• 22. Important Points • UA has a variable disease course. • Disease-modifying antirheumatic drug (DMARD) therapy is potentially toxic. • only the UA patients that have a high probability of developing RA are preferentially treated with DMARDs.
  • 23. Predicting Progression from Undifferentiated Arthritis to Rheumatoid Arthritis
  • 24. The construction of a prediction rule • Initial attempts to define such prognostic criteria have been made. • This model predicts disease persistency development of erosions. Visser H, le Cessie S, Vos K, et al. How to diagnose rheumatoid arthritis early: A prediction model for persistent (erosive) arthritis. Arthritis Rheum 2002;46(2):357–365 and
  • 25. The construction of a prediction rule • Form Used to Calculate Prediction Score in Points for Individual Patients with Undifferentiated Arthritis Van der Helm-van Mil AH, le Cessie S, van Dongen H, et al. A rule to predict disease outcome in patients with recent-onset undifferentiated arthritis to guide individual treatment decisions. Arthritis Rheum 2007;56(2):433–440.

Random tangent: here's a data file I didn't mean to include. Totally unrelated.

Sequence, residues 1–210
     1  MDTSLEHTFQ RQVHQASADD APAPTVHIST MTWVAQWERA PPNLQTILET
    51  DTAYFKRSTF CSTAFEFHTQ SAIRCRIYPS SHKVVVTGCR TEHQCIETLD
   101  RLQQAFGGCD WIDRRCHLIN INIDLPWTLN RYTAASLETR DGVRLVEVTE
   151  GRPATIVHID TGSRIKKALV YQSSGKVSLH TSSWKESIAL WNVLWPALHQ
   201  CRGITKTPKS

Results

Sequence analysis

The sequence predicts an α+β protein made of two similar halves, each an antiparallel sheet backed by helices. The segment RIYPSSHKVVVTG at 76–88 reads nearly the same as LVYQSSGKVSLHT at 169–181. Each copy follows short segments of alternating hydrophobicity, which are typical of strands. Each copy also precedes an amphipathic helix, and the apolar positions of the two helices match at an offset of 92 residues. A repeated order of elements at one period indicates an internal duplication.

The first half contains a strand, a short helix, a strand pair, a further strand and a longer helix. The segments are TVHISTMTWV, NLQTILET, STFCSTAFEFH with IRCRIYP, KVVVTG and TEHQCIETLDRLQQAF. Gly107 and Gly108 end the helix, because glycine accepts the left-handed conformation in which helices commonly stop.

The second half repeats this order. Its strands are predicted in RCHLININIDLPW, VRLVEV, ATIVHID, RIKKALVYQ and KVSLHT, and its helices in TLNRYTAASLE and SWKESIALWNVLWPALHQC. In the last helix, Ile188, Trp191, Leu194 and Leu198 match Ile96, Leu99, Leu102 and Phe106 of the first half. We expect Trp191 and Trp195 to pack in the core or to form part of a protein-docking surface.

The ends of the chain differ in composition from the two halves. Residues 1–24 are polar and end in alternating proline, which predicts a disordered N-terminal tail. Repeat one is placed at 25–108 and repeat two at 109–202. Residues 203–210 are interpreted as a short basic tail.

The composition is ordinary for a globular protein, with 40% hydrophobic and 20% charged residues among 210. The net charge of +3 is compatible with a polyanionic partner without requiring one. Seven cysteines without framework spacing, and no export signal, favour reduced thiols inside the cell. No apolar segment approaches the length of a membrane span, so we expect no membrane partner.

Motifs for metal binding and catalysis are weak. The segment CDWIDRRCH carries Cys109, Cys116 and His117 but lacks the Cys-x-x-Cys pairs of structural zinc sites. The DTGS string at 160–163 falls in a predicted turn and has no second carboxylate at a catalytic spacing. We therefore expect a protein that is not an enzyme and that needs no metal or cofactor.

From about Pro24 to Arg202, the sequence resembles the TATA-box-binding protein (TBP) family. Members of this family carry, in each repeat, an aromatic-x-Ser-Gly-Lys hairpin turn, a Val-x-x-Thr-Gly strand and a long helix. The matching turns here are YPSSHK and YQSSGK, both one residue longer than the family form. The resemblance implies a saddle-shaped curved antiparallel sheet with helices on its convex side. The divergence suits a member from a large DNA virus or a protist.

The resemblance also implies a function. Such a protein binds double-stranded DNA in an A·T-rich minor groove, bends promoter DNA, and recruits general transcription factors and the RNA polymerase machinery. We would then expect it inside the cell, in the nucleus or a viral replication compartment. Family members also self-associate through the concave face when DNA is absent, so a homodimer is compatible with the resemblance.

• 26. Age in years Gender Multiply by 0.02 If female 1 point
  • 27. Distribution of involved joints If small joints in hands/feet 0.5 point If symmetric 0.5 point If upper extremities 1 point If upper and lower extremities 1.5 points
  • 28. Length of VAS morning stiffness (range 0–100 mm) If 26–90 mm 1 point If > 90 mm 2 points
  • 29. Number of tender joints If 4–10 0.5 point If ≥ 11 1 point Number of swollen joints If 4–10 0.5 point If ≥ 11 1 point
  • 30. C-reactive protein level (mg/L) If 5–50 0.5 point If ≥ 51 1.5 points Positive rheumatoid factor If yes 1 point Positive anti-CCP antibodies (ACPA) If yes 2 points
  • 31. Total Score • Age • gender
  • 32. Total Score • Distribution of involved joints. • Morning stiffness severity • Number of tender and swollen joints.